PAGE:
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TECHNOLOGY TIPS - APPLE WINS IN NEW YORK CASE

Apple has won a New York case in which the government will not be allowed to unlock an iPhone using the All Writs Act (AWA).The case in New York is prosecuting a methamphetamine smuggler who was running iOS 7 on his iPhone. This particular version of iOS is less secure than the iOS 8 which has more extensive encryption.

In a similar case, the FBI requested that Apple open the iPhone used by San Bernardino shooter Syed Farook. According to the FBI, there are national security reasons to unlock the phone since the office shooting is terrorism-linked. Apple is taking a strong stance on civil liberties in the California case as well as the New York case.

Several leaders in the technology community have commented on the impact of these decisions. Harvey Anderson from AVG Technologies states, "With Apple, this is also about the government telling a company how to design its products - in this case, a backdoor to allow the FBI to had a shooters' iPhone." And Jeff Fagnan of Accomplice, a venture capital firm, says if the government wins, "Tech start-ups would re-evaluate how they pitch investors and develop products and services."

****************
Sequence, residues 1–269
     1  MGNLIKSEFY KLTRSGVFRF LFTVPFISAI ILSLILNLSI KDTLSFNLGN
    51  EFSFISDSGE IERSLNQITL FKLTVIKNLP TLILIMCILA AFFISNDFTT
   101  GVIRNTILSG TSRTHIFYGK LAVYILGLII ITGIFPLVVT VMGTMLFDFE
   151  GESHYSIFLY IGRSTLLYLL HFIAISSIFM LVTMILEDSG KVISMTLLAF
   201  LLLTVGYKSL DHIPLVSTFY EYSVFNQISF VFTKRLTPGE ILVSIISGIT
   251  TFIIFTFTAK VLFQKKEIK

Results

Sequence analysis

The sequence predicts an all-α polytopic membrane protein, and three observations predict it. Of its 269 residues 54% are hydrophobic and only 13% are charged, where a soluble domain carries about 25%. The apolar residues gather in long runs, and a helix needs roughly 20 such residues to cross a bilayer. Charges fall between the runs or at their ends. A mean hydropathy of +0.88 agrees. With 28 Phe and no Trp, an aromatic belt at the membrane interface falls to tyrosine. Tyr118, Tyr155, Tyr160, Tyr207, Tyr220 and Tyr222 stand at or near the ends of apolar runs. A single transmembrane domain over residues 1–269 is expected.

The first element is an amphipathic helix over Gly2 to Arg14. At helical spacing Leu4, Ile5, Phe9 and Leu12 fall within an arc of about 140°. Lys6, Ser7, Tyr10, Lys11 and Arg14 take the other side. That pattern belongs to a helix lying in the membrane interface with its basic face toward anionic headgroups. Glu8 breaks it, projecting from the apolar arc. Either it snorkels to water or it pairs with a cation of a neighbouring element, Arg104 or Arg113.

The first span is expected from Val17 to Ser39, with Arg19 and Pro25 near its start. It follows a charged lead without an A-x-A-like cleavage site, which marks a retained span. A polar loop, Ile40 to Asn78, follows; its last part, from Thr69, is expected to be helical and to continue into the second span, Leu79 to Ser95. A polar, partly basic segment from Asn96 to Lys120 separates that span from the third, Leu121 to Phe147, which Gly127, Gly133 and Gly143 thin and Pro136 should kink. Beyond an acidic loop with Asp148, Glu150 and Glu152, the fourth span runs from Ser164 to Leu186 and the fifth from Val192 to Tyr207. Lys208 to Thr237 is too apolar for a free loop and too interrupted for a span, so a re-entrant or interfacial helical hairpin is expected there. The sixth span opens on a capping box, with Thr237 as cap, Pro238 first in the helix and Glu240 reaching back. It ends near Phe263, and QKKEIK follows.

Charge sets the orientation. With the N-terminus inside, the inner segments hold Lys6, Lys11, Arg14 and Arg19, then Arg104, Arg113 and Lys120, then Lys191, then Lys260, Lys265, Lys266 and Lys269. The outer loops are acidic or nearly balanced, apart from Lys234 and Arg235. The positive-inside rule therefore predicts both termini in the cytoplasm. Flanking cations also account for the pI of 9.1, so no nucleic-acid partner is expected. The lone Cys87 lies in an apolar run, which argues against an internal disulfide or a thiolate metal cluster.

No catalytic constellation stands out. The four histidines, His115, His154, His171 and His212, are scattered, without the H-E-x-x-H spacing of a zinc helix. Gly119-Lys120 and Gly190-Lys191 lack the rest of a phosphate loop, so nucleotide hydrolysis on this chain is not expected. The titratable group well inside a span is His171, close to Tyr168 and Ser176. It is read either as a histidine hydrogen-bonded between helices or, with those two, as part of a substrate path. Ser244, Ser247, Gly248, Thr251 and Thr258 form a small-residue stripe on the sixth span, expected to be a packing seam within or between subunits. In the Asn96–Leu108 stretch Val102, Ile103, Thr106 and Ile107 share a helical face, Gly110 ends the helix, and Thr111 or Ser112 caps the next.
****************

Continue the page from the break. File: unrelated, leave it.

The New York ruling may or may not impact the California case and the ruling by Judge James Orenstein is very clear. "I conclude that in the circumstances of this case, the government's application does not fully satisfy the statute's threshold requirements: although the government easily satisfies the statute's first two elements, the extraordinary relief it seeks cannot be considered "agreeable to the usages and principles of law." In arguing to the contrary, the government posits a reading of the latter phrase so expansive - and in particular, in such tension with the doctrine of separation of powers - as to cast doubt on the AWA's constitutionality if adopted."  Translated, this means the AWA cannot be used to compel private companies to pull customer data from locked devices that the government wants.

Most people watching these rulings believe they will go to the Supreme Court. Time will tell what the outcome will be.

CATHY MALLERS & DEAN'S TEAM CHICAGO

Posted: Monday, February 29, 2016 5:27 PM by Dean's Team
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